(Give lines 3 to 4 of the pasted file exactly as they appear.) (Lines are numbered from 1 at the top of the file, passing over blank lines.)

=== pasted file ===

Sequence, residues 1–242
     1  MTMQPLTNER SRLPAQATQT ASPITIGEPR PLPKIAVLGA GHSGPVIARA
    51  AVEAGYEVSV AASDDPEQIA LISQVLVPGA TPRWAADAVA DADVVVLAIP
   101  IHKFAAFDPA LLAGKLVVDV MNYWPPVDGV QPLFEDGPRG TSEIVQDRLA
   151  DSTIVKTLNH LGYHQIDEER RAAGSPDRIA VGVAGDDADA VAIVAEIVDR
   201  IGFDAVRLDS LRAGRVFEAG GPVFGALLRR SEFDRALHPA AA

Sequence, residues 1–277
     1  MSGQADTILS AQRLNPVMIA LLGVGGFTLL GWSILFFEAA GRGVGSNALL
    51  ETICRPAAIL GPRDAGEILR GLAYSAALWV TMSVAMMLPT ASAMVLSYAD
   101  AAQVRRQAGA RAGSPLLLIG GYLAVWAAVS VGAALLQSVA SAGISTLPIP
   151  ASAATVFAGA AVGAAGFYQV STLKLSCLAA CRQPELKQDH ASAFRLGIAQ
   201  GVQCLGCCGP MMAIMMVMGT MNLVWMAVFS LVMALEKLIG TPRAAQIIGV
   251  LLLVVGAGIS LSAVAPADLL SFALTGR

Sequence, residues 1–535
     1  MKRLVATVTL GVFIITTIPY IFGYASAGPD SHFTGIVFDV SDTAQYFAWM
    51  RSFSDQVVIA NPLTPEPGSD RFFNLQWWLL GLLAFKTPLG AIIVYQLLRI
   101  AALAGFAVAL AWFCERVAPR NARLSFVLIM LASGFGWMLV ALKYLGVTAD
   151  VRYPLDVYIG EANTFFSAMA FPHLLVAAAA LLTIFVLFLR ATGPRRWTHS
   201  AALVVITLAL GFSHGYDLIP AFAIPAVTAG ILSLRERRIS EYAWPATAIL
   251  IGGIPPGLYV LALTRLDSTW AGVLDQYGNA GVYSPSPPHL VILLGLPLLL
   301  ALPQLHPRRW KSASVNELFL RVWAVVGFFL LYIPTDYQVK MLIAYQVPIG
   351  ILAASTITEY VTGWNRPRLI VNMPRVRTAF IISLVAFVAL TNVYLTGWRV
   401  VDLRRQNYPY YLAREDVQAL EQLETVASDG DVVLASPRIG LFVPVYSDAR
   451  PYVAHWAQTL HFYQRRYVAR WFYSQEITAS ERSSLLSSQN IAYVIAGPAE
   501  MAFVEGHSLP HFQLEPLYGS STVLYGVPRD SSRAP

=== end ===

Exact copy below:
    51  AVEAGYEVSV AASDDPEQIA LISQVLVPGA TPRWAADAVA DADVVVLAIP
   101  IHKFAAFDPA LLAGKLVVDV MNYWPPVDGV QPLFEDGPRG TSEIVQDRLA